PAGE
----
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Factbox – Britain’s Brexit vote: What are ‘amendments’ and why do they matter?

LONDON (Reuters) – Britain’s parliament will, over the course of a series of votes next Tuesday evening, decide whether to approve or reject Prime Minister Theresa May’s Brexit deal – a pivotal decision for the world’s fifth largest economy.

Pro-Brexit demonstrators hold signs outside the Houses of Parliament in London, Britain January 9, 2019. REUTERS/Henry Nicholls

The main vote is on a motion stating that MPs in the 650-seat House of Commons approve the Brexit deal the government negotiated with the European Union, which envisages close future economic and other ties.

But, before the big vote, MPs will make attempts to change the wording of the motion through a parliamentary device known as an amendment.

These could have the effect of rejecting May’s deal and setting out another path, or adding conditions to the approval.

Any amendments will not be legally binding and so cannot automatically change the government’s course. But they will be politically difficult for it to ignore and if parliament approves any of them it would be a significant defeat for May.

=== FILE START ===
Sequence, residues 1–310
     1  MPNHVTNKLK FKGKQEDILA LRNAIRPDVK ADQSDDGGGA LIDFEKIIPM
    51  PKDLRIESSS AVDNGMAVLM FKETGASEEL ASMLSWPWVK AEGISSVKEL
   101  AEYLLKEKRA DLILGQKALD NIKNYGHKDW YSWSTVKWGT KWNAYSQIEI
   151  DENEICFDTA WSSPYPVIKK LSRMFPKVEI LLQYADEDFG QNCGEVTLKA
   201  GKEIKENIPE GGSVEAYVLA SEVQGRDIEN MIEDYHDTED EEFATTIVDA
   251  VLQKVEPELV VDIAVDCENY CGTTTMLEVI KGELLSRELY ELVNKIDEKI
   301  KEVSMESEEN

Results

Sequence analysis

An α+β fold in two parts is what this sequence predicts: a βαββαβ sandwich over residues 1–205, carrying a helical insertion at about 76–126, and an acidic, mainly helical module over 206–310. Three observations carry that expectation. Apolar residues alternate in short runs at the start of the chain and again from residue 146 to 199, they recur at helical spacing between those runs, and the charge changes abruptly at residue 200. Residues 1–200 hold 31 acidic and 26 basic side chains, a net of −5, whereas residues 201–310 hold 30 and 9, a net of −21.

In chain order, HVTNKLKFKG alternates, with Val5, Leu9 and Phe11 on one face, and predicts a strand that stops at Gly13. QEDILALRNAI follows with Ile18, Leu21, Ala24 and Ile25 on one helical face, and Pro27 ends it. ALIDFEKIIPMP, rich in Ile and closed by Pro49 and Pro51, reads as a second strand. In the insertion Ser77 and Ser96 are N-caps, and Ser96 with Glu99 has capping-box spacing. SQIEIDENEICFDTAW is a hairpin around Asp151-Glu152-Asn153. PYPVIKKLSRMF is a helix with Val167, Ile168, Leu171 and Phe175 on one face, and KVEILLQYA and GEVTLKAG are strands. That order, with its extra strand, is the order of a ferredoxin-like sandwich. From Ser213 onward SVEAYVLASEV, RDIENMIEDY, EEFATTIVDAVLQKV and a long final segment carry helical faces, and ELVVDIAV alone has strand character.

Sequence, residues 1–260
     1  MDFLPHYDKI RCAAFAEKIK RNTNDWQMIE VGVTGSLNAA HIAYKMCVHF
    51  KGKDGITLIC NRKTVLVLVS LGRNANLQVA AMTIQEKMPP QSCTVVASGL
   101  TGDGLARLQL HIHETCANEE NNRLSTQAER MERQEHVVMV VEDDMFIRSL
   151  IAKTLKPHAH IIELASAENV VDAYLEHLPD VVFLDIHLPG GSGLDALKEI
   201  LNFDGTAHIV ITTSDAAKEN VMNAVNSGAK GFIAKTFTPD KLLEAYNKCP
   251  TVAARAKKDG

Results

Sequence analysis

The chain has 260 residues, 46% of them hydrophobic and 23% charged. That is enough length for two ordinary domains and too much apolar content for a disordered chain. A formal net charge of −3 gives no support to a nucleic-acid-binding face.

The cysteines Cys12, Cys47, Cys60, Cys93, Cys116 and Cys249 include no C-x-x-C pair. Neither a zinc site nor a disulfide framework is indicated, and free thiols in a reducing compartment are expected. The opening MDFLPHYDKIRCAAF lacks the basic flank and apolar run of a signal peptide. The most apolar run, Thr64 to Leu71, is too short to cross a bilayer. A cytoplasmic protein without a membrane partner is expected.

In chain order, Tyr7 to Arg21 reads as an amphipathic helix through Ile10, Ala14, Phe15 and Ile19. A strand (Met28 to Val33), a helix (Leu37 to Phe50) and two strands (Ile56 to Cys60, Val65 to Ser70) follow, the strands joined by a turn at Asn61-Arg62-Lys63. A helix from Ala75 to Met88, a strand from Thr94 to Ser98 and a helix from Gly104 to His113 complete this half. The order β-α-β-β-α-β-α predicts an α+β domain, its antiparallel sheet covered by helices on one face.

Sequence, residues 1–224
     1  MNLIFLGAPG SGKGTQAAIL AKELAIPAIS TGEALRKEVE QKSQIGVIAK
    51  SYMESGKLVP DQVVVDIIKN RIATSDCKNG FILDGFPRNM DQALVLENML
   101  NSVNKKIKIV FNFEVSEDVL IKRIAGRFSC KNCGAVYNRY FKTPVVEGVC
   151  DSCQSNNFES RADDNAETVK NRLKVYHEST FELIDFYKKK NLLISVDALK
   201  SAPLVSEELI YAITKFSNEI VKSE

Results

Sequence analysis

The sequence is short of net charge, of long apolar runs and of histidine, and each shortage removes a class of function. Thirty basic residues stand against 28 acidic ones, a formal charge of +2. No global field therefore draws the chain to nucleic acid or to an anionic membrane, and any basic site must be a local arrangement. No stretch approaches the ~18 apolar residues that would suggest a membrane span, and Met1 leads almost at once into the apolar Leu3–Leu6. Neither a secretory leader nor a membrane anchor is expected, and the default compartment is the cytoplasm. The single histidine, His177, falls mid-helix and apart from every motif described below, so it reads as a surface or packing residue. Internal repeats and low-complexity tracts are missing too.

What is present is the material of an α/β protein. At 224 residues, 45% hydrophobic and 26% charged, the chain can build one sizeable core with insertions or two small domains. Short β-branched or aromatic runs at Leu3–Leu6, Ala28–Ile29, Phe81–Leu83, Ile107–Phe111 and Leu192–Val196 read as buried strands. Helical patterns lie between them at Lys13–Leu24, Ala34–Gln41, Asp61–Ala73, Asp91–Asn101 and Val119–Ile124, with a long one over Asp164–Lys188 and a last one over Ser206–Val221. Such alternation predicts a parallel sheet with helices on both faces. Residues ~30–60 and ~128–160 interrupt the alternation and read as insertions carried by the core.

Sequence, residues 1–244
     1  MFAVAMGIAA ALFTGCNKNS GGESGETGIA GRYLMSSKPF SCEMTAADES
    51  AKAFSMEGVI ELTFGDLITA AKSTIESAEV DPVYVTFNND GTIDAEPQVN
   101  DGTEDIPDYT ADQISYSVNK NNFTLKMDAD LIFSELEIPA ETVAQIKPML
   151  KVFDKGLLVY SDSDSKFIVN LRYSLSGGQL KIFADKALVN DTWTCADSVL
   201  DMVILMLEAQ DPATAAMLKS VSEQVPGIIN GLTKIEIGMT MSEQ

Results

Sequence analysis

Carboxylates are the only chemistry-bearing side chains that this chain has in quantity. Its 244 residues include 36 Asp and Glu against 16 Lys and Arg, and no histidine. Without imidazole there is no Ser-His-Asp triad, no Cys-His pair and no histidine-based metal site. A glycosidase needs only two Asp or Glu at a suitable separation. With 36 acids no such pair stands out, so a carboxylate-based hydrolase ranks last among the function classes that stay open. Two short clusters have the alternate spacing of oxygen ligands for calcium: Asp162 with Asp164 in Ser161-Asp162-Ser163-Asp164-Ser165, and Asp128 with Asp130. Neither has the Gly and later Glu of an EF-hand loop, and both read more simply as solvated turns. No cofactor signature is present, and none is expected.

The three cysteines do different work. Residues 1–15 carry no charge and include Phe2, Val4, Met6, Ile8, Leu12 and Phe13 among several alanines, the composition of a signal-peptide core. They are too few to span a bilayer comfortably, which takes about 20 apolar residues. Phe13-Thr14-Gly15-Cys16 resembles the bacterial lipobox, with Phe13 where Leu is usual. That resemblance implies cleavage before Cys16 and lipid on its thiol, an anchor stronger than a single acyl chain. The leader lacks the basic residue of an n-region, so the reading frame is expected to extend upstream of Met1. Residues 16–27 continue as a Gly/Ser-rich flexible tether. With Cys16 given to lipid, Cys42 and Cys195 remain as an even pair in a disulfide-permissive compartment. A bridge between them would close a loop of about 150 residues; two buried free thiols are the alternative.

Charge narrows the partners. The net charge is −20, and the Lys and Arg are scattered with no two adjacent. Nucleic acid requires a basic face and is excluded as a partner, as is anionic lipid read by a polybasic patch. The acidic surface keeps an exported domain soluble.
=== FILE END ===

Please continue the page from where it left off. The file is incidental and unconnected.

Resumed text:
In some cases defeat on an amendment could be so significant that the voting process would be halted and the deal would be considered to have been rejected. Even minor amendments could prevent the government from securing the unequivocal approval it needs to ratify the deal.

Amendments will be selected on Tuesday at the discretion of speaker John Bercow and can then be put to a vote before the government motion. Voting is due to start at 1900 GMT that day.

Below is a list of amendments that have been submitted so far:

MAJOR AMENDMENTS – Approval of any of the following three amendments would likely mean instant overall defeat for the government and halt any further votes.

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